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Pauline Norton

(1) A black American folk and spectacular dance characterized by rhythmic patterns created by the feet hitting the floor. It became a theatrical dance in the middle of the 19th century principally through the influence of William Henry Lane, who performed under the name ‘Juba’. The dance often concluded the song-and-dance numbers in late 19th-century minstrel shows, and seems to be related to the ‘break’ sections in these numbers, which consisted of short, two- or four-bar interludes of danced rhythmic patterns between the solo verse and the chorus. Both the dance itself and the idea of performing dance between the sections of a song influenced tap dance in the 20th century.

(2) A riotus dance or gathering (see also Hoedown). The fiddle or banjo music accompanying such dances, particularly in the white-American folk tradition from the late 19th century, often has rapid figurations, arpeggios, and triplets added to vary the melody, suggesting something like the 16th- and 17th-century English practice of ...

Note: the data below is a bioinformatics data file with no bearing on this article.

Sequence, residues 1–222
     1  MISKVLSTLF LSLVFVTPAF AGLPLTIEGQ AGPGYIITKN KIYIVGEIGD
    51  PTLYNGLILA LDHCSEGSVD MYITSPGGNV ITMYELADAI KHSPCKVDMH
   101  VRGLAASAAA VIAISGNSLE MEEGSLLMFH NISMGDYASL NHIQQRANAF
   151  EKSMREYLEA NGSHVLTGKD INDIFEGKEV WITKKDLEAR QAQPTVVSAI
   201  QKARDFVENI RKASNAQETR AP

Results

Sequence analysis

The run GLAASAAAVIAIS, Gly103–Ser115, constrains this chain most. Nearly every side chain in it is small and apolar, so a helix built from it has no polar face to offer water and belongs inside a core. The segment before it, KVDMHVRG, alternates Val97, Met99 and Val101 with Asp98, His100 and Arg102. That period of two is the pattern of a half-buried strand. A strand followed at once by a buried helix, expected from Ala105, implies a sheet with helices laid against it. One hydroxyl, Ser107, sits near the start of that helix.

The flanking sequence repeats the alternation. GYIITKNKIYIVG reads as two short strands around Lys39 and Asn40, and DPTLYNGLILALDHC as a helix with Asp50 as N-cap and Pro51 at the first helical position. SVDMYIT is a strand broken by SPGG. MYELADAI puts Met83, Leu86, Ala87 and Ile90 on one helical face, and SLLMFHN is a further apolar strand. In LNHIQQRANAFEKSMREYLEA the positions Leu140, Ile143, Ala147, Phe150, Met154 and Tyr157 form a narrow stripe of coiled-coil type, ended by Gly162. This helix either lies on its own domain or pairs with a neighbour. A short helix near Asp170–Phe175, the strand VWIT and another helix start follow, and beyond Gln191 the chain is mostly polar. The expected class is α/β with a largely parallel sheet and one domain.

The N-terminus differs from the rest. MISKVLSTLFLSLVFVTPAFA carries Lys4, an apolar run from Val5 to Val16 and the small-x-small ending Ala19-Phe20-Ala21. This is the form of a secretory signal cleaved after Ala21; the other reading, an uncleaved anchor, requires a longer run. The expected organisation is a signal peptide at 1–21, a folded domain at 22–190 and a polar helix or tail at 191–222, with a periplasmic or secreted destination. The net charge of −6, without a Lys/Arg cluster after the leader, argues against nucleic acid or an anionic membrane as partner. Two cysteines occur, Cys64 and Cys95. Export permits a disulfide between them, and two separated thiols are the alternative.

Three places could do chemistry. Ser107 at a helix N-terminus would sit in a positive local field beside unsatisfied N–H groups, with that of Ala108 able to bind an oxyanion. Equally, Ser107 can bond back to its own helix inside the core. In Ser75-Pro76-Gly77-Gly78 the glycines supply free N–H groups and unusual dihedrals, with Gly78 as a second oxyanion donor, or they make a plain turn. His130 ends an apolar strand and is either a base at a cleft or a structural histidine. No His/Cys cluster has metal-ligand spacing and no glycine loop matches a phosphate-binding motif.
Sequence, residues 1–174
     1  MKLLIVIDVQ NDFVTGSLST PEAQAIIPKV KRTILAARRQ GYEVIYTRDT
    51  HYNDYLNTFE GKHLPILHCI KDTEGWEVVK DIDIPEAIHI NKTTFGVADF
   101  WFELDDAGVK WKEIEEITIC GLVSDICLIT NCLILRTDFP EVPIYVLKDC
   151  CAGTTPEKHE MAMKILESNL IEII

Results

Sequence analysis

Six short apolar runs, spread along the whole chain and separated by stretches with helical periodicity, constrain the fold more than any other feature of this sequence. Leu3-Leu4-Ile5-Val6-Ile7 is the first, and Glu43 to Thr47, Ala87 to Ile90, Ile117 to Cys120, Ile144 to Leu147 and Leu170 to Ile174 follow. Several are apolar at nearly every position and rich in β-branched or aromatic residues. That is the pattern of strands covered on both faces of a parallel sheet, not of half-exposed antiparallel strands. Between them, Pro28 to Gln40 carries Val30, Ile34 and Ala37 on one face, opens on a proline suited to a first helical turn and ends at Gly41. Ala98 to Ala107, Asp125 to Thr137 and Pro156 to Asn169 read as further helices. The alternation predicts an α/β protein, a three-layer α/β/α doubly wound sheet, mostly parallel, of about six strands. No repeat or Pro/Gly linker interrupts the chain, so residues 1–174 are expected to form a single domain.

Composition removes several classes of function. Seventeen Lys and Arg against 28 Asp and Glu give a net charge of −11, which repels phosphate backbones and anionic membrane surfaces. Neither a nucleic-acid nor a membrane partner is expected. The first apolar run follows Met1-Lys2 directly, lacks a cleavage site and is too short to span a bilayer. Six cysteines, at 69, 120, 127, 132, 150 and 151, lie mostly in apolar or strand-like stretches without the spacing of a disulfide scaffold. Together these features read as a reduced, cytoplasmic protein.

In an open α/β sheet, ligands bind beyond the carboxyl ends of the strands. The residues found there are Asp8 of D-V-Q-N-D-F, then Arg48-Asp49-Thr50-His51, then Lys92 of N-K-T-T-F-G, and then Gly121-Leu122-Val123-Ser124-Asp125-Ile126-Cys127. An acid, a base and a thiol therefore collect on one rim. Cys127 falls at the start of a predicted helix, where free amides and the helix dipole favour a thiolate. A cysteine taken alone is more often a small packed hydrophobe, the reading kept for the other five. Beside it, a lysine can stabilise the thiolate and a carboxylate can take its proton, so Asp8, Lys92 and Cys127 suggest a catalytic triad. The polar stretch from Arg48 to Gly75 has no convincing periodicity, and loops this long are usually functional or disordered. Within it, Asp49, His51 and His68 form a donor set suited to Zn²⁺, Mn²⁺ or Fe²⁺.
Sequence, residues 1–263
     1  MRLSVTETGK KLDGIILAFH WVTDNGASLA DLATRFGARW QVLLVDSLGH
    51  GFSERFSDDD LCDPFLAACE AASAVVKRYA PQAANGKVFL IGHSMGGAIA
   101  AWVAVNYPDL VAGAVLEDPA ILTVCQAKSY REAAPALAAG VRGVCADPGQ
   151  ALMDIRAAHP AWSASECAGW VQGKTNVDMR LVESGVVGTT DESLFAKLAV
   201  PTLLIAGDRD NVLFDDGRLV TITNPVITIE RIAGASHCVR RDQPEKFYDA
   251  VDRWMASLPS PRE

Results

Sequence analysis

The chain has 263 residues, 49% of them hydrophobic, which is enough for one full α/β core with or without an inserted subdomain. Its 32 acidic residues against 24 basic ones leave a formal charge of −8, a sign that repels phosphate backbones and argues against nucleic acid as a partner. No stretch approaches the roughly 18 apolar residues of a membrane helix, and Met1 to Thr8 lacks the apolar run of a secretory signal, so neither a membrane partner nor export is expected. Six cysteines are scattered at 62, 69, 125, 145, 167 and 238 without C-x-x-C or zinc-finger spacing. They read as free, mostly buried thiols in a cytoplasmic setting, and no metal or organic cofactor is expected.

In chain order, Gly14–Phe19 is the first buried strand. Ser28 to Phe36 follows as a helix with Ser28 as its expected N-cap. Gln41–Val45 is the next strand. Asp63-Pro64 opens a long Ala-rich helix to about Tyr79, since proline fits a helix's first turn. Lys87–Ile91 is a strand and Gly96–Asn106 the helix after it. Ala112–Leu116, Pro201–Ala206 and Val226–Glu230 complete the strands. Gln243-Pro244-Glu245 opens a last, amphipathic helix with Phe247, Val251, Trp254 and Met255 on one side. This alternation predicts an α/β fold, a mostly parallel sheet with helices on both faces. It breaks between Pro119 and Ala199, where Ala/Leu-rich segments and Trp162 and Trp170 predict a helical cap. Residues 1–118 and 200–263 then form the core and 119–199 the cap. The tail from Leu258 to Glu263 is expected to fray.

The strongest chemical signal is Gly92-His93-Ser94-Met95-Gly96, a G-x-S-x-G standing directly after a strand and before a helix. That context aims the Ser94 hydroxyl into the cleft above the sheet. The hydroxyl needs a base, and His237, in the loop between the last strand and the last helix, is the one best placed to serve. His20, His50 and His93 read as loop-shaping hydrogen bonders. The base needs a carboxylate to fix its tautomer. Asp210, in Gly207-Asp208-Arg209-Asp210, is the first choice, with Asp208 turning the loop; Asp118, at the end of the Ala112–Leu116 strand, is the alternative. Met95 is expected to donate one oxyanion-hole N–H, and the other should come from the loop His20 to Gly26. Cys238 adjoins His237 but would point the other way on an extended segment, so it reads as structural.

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[colotomy](from Gk. kōlon: ‘section’, ‘limb’)

A term adopted by the ethnomusicologist Jaap Kunst in his work on the gamelan music of Java and Bali, to describe the phrase structure of the gendhing (‘piece’). Each major section of a gendhing begins and ends on a gong beat and is further subdivided into subsections and phrases by several other single-note instruments of the gong type; their function is to mark the skeletal melody (adapted and played by the metallophones in unison) at regular metric periods. Over a dozen different colotomic structures are in regular use, each with its own name such as ...

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